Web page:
It’s a tricky balance: being mindful of how you make others feel v. being true to not only yourself but also the greater good.

This year, oh, this year.

For me, it started with a death in the family and ended with a relationship crumbling. In between, the February Bar Exam, COVID-19, a kinda break-up, more Trump Administration nonsense, and more death.

Whenever we go through difficult times, we can do one of two things: either ignore the problems or self-reflect. Before, I was the former. However, years of therapy made me the latter. But, too much self-reflection can lead us down a dark path. We beat ourselves up to the point where we punish our past selves instead of fixing the problem.

I don’t gain anything by saying to myself, “you should have done this instead so you would not be in this current situation.” I will spend hours analyzing every little detail. I’ll replay conversations in my head then cause nothing but more distress. Instead, I should ask, “what can I learn from this?” Being self-critical and self-aware brought me a lot of joy. I am more confident and comfortable with who I am. Moreover, I feel more emotionally stable.

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Yet, my rationality has isolated me. When asked, I attempt to give rational solutions to people’s problems. However, these solutions may not be what they like to hear. So, I try to be mindful but honest. And, balancing that is tricky. My rationality demands immediate and instant progress. But, history shows that progress is the opposite. It takes it’s sweet-ass time.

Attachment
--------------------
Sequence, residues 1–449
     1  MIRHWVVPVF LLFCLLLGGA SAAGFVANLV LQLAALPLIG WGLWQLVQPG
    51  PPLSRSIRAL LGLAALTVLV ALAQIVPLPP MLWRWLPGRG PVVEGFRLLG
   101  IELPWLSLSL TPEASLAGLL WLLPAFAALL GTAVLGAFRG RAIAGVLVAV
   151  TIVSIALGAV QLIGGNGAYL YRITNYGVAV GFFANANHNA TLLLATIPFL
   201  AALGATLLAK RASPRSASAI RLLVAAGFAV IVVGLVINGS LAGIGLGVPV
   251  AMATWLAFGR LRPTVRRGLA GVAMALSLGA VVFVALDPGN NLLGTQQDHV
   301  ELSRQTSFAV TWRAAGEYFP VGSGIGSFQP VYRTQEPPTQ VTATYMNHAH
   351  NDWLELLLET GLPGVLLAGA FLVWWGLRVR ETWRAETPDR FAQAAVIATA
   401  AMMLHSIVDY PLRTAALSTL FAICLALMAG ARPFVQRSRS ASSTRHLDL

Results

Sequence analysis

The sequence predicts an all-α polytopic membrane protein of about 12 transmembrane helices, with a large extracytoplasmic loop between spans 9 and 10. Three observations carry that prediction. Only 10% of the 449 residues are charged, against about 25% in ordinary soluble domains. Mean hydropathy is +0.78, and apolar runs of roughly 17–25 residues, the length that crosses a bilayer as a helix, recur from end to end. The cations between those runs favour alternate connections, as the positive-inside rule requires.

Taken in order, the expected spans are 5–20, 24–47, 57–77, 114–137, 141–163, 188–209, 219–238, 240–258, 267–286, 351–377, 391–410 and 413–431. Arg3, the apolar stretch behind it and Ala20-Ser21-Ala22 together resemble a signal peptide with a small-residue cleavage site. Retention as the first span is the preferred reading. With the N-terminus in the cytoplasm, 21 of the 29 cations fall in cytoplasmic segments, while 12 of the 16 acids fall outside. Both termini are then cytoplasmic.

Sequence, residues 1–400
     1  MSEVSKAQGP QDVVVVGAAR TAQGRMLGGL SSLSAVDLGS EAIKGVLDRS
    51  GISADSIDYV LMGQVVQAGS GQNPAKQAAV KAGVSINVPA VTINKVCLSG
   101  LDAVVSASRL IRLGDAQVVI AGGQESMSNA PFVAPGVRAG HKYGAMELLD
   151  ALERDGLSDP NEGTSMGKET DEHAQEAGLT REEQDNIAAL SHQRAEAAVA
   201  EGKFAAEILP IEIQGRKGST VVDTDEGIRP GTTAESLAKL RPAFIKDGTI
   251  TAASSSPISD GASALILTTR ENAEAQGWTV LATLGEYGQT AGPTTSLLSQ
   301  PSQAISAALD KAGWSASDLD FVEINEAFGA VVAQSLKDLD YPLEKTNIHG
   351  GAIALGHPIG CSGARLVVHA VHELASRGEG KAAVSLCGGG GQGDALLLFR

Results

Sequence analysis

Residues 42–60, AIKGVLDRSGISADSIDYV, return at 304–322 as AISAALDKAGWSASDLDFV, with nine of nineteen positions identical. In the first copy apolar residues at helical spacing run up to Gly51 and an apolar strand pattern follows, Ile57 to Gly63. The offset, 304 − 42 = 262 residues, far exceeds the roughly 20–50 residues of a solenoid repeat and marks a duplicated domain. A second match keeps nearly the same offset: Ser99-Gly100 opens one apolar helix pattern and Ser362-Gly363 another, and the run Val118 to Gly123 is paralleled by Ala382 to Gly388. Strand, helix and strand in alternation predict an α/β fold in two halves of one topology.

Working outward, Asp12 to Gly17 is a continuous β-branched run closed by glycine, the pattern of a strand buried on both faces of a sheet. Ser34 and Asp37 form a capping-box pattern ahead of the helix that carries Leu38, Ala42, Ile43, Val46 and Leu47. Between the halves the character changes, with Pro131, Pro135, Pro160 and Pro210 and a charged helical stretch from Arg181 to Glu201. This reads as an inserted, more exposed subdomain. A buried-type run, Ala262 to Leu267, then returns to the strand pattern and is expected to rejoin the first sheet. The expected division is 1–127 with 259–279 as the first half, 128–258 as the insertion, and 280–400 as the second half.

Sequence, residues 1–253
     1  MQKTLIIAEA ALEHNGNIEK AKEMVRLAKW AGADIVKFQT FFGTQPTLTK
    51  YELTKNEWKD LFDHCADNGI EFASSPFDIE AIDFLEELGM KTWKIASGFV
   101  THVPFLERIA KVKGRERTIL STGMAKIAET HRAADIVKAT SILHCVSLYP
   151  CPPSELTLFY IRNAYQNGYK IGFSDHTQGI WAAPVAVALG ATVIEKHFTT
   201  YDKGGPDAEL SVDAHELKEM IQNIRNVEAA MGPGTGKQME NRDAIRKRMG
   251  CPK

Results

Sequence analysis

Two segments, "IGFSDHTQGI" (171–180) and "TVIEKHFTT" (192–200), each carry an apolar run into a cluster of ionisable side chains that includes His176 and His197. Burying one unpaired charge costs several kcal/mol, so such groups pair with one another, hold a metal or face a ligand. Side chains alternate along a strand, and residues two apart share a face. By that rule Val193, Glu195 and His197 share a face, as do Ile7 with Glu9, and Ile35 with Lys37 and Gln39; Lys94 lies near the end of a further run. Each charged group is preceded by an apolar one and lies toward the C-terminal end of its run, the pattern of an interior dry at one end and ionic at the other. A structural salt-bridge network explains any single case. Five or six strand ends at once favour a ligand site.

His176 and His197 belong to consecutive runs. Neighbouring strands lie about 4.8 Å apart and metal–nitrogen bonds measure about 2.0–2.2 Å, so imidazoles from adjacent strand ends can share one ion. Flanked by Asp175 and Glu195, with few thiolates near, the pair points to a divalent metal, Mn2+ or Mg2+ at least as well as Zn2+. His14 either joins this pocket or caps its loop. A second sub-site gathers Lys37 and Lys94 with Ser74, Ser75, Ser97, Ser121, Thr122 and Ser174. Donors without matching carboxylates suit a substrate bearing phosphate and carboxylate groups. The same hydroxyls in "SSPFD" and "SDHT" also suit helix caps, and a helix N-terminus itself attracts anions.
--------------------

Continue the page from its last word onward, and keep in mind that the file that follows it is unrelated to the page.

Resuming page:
All of this gives me a sense of loneliness which made me increase my patience level. I am trying to not have a “zero tolerance policy” vibe when people don’t share my viewpoints. Simply put, I avoid cancel culture. I fight my defensive urges and simply listen to the other person. I dissect what they’re saying then find the source of their feelings. By doing this, I chose to see the good in people and help them. To me, this is progress.

Yes, it’s very exhausting. And, when someone thinks I don’t create a safe or welcoming vibe, I am shattered. Simply put, my self-image is damaged. This year, I’ve lost a lot. From people to self-care skills, 2020 has broken the over-confident Indian woman who you’ve all fallen in love with.


I am working so hard on myself but feel as though I am losing everyone when I do it. I see the world fall apart but can’t do anything about it. No one will listen to my solutions for whatever reasons they hold dear to them. I can’t force people to change for the betterment of themselves and their community. I have to be patient. And, being patient this year fucking sucks because people are dying. I cannot scream or call them names. Rather, I must remain calm and be patient. I hope to extend olive branches by having the difficult conversations.

We’ve all lost something or someone this year. But, we have all lost the ability to reflect on what really matters to us. We place blame on each other, leaders, and our loved ones. And, sometimes, ourselves. Instead of learning to be better, we lash out then hurt our chances of progress. (The only people I will exclude from this list are those who lost someone to COVID-19. Because, we will never understand their pain)

Personally, I want to give up on the Nikita Initiative because I am not seeing quick progress. But, I know that many (most likely a few) find some inspiration here. Also, I must remind myself that change takes time.

Therefore, I’ll continue to share, write, and hope. I won’t lose those this year.

Please stay safe. Fuck 2020.

Published by Nikita Srivastava

a passionate feminist and social justice warrior who occasionally calls herself a goddess. She received her JD in 2019 and became licensed to practice law in 2020.

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